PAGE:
Some dressed in their finest business attire, some wandered in too cool to talk to adults about career goals and others were on a mission. Students — mostly seniors from both Plumas and Sierra county high schools — made their way to the Feather River College multipurpose building for the annual FRC College, Career and Transfer Day on Tuesday, Sept. 17.
Nearly 300 students attended the event with over 56 career and college exhibitors. This year’s college exhibitors included more from the University of California and California State University system schools than in previous years as well as private, trade, art and community college schools and programs.
Plumas County nonprofits, military recruiters, the Forest Service and other agencies were on hand, as well as a few businesses in the area, to have conversations with shy students of what their possibilities might be for their futures.
Exhibitors smiled and recollected what it was like when they were that age and went to career events.
“You don’t have a clue as to what you want to do,” one exhibitor said.
Teachers and FRC organizers gave students cards that had to be signed off once they talked to exhibitors and asked them questions about their professions.
“Do you make a lot of money?” was one typical question and “How did you know you wanted to do that?” was another.
As is customary, FRC provided a speaker for the event and this year’s motivational speaker was Laguna Beach native and Olympic gold medal winner in beach volleyball, Dain Blanton. Blanton was also the first African American AVP beach volleyball champion. His own career path has him coaching volleyball, public speaking, and sports broadcasting. He offered the students advice and wisdom concerning the hard work it takes to achieve one’s dream — for him it was getting to the 2000 Olympic beach volleyball team.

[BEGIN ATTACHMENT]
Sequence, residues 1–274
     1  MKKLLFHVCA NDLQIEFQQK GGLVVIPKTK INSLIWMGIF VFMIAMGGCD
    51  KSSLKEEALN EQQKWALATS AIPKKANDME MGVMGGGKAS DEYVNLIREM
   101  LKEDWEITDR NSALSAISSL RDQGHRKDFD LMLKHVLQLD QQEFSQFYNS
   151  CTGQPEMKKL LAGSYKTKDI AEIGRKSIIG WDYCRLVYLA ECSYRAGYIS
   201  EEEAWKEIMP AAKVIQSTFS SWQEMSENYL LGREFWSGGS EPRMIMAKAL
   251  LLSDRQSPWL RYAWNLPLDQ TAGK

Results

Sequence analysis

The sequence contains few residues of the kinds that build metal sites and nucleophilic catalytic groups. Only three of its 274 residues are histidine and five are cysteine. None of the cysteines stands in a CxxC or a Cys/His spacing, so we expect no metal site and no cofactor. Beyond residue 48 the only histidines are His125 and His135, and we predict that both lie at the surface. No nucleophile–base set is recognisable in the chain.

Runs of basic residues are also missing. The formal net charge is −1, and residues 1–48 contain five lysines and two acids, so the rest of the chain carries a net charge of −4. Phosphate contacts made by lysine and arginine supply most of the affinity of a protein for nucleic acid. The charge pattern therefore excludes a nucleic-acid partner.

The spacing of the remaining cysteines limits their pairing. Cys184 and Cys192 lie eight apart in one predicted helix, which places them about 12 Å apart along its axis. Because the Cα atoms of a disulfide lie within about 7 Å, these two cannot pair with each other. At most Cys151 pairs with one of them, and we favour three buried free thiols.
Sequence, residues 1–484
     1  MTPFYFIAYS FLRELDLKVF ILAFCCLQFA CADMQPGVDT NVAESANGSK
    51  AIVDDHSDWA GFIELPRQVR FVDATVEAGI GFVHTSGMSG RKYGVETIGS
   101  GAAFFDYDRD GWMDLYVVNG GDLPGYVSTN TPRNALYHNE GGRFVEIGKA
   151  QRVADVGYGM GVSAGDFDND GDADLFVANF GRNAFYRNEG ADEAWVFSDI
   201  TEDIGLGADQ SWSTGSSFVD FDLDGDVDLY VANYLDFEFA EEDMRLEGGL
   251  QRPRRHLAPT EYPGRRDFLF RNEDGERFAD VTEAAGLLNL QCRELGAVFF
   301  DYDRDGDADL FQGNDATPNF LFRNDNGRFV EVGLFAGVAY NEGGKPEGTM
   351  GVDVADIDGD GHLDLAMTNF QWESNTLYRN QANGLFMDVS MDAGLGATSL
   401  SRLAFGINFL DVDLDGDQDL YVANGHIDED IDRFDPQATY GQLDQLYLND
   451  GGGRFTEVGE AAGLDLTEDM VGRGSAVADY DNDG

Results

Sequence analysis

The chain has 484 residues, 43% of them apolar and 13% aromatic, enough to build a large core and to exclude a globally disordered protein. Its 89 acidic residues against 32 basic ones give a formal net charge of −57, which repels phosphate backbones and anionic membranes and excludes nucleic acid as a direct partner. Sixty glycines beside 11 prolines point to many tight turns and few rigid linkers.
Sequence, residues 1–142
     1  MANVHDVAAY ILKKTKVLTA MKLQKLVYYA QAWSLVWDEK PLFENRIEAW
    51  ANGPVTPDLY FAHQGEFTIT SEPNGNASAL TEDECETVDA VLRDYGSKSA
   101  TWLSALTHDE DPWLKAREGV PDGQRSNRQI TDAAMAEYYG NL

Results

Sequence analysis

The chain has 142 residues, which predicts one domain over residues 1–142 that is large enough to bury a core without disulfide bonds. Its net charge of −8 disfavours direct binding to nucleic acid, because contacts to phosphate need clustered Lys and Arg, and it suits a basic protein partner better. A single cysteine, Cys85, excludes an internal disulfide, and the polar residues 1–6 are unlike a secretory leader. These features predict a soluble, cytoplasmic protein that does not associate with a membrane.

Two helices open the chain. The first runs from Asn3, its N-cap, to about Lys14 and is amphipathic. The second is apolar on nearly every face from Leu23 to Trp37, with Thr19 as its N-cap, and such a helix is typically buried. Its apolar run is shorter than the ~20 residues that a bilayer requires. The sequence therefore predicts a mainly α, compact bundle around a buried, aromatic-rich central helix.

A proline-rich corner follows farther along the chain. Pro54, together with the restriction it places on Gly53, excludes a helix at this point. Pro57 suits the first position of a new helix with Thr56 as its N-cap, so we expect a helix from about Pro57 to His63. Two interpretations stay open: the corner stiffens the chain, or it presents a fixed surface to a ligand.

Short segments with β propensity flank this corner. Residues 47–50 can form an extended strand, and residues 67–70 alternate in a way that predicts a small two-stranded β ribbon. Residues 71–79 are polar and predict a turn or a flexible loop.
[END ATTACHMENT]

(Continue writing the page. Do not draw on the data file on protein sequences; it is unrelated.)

Blanton has spoken at FRC’s College Career and Transfer Day once before a few years ago, but to the assembled students, it was the first time they’d heard his words of wisdom.
“The time to be a leader is now; either you take control of your life or someone else will,” said Blanton.
He told the assembled students about his own journey to life after high school — highlighting his choices to study hard, get tutoring and attend Pepperdine University. He empathized with the student journey and confessed he was not at all sure of his path at the beginning, but was galvanized by setbacks he saw his older brother go through.
His older brother had gotten into college conditionally and needed to raise a couple of grades to go, but he didn’t do it and didn’t fulfill his “Plan A” — it taught Blanton to work harder to achieve his own goals. He also changed his mind on his initial major to something more suited toward his goals.
Students were most enthralled when he shared his path to becoming an Olympic champion and how he surrounding himself with supportive and engaged individuals, helping get him and his teammates the gold in 2000 in Sydney, Australia.
He spoke of the mindset needed to achieve one’s goals. The room was full of those nodding in agreement as he frequently fell back to sports metaphors to convey his ideas on how bewildered senior high school students might find direction and purpose.
After his talk, Blanton invited students to take a look at an Olympic gold medal up close and posed for photos with students. Students responded enthusiastically to his offer and lined up to talk to him one on one and thank him for speaking to them.
FRC provided students with a boxed lunch and opportunity to explore the campus.